Credit cards offer strong protection from fraudulent charges. Many credit card issuers provide zero liability protection, meaning you're not held responsible for fraudulent charges. Even if your card doesn't include this feature, federal law limits your liability for covering unauthorized charges to $50.

If someone makes a charge you didn't authorize on your debit card, however, the amount you have to pay depends on how quickly you report it. Plus, that money is immediately taken from your bank account, and it could take a lot of time and effort to get it reimbursed.

Your best bet is to shop with a credit card, but make sure to pay off those charges by the end of the month, if possible, to avoid carrying a balance.

3. Don't Shop on a Public Wi-Fi Network

Do your online shopping at home on a secure Wi-Fi network. It may be tempting to take your laptop to a coffee shop, but making sensitive transactions on a public Wi-Fi network puts you at risk. Thieves can more easily intercept any data, including credit card numbers and passwords, on a public network.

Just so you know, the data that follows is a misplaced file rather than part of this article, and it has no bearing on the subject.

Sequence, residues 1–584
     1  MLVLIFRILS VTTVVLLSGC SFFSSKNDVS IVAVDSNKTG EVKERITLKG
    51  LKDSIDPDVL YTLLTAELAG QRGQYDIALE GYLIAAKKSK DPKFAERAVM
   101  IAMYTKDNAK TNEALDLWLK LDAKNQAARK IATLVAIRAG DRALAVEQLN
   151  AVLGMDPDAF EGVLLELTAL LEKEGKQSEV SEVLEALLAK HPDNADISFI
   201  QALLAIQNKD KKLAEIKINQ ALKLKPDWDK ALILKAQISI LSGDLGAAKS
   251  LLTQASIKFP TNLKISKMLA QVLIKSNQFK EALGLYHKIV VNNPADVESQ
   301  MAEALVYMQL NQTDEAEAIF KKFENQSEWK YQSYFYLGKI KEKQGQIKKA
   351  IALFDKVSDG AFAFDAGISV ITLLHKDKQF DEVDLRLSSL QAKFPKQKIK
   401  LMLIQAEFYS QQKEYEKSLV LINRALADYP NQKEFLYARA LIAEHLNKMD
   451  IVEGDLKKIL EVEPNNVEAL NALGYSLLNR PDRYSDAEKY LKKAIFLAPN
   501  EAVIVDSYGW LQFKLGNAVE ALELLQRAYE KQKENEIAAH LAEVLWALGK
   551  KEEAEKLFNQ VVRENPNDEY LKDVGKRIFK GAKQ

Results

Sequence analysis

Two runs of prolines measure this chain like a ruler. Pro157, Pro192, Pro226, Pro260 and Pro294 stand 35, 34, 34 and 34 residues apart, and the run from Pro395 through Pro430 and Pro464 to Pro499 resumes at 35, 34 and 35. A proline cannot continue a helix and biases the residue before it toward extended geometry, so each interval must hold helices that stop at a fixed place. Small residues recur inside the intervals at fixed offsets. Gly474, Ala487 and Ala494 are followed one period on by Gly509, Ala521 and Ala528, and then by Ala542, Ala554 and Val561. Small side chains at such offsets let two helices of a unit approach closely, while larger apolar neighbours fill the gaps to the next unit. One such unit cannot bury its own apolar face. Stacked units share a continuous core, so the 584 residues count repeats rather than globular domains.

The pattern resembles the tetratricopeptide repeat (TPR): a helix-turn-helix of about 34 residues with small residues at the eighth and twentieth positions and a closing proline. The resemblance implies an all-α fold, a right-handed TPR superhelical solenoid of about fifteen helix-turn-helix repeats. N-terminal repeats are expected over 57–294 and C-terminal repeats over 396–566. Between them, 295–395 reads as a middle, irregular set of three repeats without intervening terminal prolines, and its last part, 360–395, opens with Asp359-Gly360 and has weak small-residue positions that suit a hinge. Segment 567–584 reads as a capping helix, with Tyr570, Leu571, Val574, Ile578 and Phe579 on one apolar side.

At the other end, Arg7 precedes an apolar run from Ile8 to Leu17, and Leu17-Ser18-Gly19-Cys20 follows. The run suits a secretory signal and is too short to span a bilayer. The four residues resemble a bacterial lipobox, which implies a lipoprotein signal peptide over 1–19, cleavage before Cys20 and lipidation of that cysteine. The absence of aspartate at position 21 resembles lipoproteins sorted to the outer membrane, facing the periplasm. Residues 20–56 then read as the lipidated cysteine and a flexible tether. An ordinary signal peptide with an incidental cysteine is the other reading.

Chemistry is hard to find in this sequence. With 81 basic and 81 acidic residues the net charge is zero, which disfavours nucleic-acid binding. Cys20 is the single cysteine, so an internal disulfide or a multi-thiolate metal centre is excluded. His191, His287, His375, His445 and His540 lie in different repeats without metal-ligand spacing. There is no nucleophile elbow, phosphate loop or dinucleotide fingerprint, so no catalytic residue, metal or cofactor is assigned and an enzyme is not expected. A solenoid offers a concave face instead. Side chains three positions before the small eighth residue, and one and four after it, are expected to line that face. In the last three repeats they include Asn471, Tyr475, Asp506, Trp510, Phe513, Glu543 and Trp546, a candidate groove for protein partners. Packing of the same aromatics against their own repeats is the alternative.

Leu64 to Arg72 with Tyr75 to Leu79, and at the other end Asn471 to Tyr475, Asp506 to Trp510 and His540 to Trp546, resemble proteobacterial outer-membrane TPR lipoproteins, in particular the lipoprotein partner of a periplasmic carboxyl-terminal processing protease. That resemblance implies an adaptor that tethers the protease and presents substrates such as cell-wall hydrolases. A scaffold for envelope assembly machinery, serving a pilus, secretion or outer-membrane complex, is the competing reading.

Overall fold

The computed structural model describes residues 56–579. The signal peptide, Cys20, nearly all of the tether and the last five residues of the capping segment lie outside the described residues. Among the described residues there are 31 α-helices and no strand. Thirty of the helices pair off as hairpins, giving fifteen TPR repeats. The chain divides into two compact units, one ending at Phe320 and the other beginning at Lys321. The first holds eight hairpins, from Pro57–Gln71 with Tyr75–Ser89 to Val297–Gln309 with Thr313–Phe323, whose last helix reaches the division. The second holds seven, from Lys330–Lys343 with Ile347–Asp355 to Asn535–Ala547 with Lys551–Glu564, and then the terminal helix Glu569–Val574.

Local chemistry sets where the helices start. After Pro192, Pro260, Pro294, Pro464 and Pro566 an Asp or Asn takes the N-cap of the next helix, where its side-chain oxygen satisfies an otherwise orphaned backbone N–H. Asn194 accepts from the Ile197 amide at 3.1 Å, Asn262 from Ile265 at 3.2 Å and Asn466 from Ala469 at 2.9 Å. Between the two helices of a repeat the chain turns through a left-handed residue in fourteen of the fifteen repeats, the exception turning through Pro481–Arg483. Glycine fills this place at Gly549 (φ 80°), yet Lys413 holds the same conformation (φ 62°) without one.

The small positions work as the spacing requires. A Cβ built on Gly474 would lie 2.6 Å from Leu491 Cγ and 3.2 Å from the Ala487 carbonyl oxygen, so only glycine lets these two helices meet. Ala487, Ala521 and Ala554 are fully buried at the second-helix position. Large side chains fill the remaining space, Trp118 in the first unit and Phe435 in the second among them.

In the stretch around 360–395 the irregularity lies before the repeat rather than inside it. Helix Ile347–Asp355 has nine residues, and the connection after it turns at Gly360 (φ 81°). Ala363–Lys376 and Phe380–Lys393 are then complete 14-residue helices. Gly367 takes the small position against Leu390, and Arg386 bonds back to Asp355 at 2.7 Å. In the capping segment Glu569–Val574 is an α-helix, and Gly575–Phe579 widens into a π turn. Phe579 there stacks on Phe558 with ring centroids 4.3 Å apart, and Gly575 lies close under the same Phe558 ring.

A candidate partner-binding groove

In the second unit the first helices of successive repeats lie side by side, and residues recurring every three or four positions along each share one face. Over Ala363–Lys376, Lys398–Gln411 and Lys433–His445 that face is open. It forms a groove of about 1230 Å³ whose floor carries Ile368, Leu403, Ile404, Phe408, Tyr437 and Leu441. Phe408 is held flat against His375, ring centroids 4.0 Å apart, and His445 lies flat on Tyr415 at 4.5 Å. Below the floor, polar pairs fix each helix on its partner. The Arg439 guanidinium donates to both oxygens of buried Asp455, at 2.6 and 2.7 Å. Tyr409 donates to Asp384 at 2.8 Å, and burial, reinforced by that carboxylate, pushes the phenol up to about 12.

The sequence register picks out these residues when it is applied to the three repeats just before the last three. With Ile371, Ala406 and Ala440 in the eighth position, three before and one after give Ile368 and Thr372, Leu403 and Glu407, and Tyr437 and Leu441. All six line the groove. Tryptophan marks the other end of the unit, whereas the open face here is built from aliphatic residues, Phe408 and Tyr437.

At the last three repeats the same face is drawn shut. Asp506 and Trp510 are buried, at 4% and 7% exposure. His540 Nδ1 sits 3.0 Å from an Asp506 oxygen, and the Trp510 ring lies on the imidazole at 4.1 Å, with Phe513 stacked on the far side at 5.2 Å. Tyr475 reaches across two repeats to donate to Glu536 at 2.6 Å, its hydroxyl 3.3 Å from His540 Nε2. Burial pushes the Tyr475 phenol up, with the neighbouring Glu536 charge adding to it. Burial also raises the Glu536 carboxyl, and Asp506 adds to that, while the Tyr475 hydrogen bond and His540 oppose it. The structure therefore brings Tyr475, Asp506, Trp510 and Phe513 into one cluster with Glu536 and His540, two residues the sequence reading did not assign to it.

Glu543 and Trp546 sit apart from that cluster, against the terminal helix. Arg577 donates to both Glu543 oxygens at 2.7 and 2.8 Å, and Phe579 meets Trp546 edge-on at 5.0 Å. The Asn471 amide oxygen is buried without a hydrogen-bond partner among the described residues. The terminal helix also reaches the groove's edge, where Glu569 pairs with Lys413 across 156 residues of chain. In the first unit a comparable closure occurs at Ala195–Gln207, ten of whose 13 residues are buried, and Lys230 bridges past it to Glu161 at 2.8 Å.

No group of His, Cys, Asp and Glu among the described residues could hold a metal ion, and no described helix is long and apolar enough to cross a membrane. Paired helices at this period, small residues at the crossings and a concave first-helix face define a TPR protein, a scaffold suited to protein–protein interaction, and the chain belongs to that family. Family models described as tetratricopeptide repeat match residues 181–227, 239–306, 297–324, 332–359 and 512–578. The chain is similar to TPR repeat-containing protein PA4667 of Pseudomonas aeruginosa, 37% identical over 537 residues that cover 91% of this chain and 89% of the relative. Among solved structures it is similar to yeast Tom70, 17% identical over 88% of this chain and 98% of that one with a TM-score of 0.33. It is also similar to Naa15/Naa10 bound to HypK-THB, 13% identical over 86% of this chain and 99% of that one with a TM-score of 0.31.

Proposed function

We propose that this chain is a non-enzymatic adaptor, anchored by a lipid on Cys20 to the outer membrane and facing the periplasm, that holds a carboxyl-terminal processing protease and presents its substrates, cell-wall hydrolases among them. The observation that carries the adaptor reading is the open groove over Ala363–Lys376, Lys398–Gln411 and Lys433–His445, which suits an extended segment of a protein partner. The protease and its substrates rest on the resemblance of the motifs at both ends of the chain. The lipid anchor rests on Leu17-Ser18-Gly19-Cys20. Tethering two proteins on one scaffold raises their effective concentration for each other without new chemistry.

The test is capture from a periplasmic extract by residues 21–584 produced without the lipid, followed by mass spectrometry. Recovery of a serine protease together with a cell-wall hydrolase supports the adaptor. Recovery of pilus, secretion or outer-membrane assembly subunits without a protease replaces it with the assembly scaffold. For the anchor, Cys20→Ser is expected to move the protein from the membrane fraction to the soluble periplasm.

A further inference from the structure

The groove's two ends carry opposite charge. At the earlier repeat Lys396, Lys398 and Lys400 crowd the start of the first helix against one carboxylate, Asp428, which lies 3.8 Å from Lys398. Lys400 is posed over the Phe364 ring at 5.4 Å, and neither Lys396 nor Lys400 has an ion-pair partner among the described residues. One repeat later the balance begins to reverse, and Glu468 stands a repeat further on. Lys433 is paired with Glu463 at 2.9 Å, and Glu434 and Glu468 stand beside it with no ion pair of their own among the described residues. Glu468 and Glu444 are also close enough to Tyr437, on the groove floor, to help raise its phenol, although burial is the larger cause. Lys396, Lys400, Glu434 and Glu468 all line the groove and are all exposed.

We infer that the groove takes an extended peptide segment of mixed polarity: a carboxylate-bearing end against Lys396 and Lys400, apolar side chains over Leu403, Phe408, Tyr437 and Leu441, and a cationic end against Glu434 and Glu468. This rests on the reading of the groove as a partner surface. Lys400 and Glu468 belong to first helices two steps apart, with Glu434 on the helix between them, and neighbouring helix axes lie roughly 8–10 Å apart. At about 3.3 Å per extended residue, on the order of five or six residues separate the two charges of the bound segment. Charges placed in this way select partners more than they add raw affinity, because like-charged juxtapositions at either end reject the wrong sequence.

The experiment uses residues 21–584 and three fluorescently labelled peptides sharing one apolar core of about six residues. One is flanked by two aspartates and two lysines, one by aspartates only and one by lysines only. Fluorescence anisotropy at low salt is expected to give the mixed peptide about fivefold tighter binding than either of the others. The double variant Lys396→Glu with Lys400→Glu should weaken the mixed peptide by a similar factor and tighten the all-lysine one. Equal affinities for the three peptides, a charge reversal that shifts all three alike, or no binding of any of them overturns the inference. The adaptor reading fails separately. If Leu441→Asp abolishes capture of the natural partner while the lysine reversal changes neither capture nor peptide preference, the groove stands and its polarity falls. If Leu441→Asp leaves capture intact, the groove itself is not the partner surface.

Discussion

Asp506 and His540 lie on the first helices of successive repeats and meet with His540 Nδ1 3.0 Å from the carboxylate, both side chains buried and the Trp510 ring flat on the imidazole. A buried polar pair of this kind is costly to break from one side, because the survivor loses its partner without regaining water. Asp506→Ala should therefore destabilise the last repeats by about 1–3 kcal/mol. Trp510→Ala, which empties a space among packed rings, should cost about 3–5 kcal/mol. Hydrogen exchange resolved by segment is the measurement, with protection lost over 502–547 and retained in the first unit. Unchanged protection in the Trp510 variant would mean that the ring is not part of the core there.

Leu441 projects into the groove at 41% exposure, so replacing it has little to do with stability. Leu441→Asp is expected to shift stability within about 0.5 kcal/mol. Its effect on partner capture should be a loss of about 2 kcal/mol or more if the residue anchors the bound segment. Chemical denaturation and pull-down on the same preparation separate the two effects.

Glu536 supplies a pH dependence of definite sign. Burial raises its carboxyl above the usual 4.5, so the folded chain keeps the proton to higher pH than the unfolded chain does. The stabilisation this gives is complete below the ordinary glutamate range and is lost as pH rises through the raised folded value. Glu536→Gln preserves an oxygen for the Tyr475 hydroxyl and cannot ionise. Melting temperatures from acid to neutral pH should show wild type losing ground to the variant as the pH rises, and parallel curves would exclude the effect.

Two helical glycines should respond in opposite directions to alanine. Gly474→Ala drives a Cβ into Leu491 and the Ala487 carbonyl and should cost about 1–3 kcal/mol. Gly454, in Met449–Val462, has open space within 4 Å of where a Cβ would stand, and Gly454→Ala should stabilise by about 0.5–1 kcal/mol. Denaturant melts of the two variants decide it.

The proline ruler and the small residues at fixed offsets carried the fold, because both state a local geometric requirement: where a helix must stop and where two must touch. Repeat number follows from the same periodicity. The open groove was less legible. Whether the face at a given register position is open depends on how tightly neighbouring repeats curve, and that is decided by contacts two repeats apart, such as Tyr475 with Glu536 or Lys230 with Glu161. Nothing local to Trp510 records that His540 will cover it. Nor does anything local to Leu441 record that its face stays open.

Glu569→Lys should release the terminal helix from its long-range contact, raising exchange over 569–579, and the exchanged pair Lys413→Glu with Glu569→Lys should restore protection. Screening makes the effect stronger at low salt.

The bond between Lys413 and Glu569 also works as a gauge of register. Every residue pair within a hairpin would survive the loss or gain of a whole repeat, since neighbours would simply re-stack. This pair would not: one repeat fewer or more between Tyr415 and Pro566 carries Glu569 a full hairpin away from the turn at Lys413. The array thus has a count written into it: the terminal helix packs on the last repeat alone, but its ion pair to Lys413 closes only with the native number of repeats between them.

You can set up a virtual private network, or VPN, on your laptop or phone, which encrypts your connection while you're on a public network. That makes it less likely your data will be compromised. Dependable VPNs generally require a monthly fee and subscription to a yearlong or multiyear plan.

Also, avoid using a public computer in case spyware or malware have already compromised the device.

4. Take Advantage of Credit Card Security Features

The risk of a thief stealing your information while shopping is just one security issue during the holiday season. Credit card account information is also one of the most commonly compromised types of data in security breaches, according to the Identity Theft Resource Center.